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Letter from Abigail Adams to John Adams, 9 February 1796

My Dearest Friend

I suppose some obstruction of Ice in the North River, prevented the Southern Post from arriving last Wednesday, which prevented me from getting any Letters from You, of a later date than Janry. 20th. [John to Abigail, 20 January 1796] the receipt of which I have already acknowledged. I hope to receive a large packet tomorrow. You will learn before this Letter reaches you I presume, the Fate of Jarvis and the Virginna resolutions. Jarvis last week got a motion made, which he seconded to take up the resolutions. He was opposed by Mr. Tudor, Sewall, Custice and others. The Dr. got warm, and voilent. His passion wrought up to an excess, the House adjournd for Dinner. Jarvis went home, eat his dinner and fell into strong convulsion fits, from which he was with difficulty recoverd. He has not since been able to attend the House. The news papers will give you the dissolution of the Resolves and the motions which were made to prop them up by a small party.

I have engaged the Braintree Farm to Burrel. He is to have 8 cows and 8 young cattle, to find the Team work himself, except the carting on the manure for the corn land which I shall have sleded up immediatly. The Farm here I consider as engaged to Mr. French and Bowditch who are Brothers by marriage. I shall

have the leases drawn in three Weeks from this time. If you think of any further directions than those You left You will write them to me. To Burrel I allow a cord and half of pine wood for the dairy, to French the use of the Team to get his wood. Wood has become so great expensive an article that all who have been to me to engage the places are very urgent upon that head. I have agreed to these terms, thinking it better to let such persons as were known to us have the places than strangers. Fovens has never applied, his wife is unable to take charge of the Dairy. I had a Mr. Cooke from Road Island last week to  [illegible hire the Quincy Farm. I could not recollect whether you meant to let a Horse with the oxen, or whether the Tenant would be allowd to bring one. I suppose you would prefer French, tho Cook had good recommendations, had hired a Farm of 200 acres [for] 5 Years which Farm was now sold. He however insisted upon being found wood for the Dairy. When these places are let, I shall feel my mind more at ease. I have agreed with them that they shall find all the Farm utensels except half the Dairy matters, and this as a Sort of equivelent for the whole of the Stock. I suppose they will be some articles which occasionally we must lend. You will send the Grass Seed in Season. We have had very fine Snow and cold Weather. I have not had my Health so well for many Years as this winter. I hope You can say the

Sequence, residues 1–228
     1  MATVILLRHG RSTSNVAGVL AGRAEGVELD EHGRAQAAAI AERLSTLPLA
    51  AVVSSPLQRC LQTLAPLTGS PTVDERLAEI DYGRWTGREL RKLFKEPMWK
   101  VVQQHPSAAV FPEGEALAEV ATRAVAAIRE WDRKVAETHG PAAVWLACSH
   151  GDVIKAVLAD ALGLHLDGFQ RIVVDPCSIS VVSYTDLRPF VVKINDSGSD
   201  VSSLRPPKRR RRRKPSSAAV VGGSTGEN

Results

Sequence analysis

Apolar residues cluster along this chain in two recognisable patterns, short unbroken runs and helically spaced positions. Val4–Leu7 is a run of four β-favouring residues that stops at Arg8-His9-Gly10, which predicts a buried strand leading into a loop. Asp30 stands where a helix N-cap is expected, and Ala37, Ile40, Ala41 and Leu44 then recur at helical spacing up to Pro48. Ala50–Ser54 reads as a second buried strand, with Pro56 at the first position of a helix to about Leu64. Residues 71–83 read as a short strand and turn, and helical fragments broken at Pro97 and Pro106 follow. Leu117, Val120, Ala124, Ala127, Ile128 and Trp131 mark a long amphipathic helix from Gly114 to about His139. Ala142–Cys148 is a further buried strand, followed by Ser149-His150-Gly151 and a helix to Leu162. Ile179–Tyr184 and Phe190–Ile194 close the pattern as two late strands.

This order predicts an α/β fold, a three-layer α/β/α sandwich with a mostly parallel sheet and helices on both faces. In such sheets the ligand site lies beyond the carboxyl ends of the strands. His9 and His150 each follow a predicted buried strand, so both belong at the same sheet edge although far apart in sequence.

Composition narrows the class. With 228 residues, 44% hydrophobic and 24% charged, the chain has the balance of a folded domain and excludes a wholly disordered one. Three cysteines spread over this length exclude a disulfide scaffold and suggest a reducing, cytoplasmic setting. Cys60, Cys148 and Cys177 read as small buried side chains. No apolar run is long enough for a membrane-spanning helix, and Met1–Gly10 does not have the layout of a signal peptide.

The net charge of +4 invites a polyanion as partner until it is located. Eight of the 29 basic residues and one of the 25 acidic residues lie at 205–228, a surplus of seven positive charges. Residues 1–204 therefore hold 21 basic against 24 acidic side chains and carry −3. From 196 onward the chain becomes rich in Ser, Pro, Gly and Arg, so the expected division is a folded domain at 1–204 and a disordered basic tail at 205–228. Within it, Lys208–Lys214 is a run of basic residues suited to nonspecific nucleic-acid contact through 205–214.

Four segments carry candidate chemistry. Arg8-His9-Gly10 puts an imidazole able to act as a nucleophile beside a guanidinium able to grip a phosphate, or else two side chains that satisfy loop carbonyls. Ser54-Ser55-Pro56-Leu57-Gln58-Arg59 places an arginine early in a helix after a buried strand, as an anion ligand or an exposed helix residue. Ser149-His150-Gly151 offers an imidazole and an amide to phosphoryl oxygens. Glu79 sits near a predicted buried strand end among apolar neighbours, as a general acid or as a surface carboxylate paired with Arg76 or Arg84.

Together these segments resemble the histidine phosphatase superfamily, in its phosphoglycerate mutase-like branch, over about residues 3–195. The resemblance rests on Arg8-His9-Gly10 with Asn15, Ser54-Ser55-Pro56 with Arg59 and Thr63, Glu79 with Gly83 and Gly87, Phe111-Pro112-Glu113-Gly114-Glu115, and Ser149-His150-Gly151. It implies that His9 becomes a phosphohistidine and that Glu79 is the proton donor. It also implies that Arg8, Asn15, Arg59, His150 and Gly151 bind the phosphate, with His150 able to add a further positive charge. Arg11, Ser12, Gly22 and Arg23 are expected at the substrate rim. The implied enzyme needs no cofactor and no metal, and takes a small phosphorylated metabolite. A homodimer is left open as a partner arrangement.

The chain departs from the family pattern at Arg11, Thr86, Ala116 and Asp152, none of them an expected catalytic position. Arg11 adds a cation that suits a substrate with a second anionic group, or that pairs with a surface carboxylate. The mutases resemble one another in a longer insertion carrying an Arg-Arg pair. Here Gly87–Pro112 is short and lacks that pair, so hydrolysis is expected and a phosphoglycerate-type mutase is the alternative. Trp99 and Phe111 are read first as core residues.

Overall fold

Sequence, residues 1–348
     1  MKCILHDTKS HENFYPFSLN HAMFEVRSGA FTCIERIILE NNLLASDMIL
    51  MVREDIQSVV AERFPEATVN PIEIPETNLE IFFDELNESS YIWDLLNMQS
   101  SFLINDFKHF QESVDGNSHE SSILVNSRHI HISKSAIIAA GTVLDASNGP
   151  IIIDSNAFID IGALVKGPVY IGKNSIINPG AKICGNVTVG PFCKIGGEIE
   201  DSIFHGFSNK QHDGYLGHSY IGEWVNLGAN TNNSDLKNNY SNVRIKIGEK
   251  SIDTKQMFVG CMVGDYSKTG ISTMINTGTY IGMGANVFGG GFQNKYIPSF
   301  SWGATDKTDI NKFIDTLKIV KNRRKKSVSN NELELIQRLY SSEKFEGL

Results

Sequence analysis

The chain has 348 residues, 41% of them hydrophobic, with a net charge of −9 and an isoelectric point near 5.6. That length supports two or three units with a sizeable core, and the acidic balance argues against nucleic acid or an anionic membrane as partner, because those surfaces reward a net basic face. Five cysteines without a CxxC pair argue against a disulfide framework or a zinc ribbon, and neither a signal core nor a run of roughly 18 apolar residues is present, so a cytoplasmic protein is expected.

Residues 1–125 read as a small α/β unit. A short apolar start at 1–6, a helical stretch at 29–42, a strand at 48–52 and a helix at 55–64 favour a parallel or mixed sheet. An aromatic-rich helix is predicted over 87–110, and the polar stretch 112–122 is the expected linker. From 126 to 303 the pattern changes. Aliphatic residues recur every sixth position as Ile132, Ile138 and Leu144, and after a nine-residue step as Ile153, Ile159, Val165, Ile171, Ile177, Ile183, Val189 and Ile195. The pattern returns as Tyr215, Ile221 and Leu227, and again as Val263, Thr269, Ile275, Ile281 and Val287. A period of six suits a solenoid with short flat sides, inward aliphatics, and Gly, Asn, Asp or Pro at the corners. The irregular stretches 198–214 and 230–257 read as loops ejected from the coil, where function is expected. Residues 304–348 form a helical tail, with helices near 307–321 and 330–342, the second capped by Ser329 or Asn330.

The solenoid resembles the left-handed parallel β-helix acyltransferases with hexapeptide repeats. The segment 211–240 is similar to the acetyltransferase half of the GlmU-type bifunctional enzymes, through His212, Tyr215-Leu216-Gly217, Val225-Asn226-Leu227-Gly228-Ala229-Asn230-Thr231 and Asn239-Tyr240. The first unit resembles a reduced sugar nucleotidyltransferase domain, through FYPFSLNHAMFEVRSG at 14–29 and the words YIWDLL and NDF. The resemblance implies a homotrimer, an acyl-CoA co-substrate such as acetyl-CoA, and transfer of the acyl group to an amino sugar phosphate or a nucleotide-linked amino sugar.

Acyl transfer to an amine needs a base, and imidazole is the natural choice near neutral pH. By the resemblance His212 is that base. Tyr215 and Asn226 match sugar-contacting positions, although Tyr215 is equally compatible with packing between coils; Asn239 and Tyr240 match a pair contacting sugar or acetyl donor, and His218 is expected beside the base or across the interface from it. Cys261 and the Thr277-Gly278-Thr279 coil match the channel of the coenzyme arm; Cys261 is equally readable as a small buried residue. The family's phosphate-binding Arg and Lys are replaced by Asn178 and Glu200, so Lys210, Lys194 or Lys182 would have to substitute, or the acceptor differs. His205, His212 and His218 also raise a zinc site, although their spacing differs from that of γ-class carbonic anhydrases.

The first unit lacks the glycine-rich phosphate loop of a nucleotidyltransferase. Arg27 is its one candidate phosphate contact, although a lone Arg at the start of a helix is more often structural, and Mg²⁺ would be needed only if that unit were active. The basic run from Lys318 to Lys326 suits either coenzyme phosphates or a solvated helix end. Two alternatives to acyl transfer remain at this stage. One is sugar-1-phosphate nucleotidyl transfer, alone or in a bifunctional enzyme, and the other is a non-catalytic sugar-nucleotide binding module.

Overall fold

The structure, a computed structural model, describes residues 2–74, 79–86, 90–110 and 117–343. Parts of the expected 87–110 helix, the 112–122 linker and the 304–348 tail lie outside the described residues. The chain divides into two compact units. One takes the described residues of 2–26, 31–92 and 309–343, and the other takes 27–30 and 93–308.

same of your own. Mrs. Brisler and Family are well.

Affectionatly Yours,
A Adams

[Envelope -- see page image]

[Endorsement -- see page image]

Cite web page as: Letter from Abigail Adams to John Adams, 9 February 1796 [electronic edition]. Adams Family Papers: An Electronic Archive. Massachusetts Historical Society. http://www.masshist.org/digitaladams/
Original manuscript: Adams, Abigail. Letter from Abigail Adams to John Adams, 9 February 1796. 4 pages. Original manuscript from the Adams Family Papers, Massachusetts Historical Society.
Source of transcription: Adams Papers Editorial Project. Unverified transcriptions.
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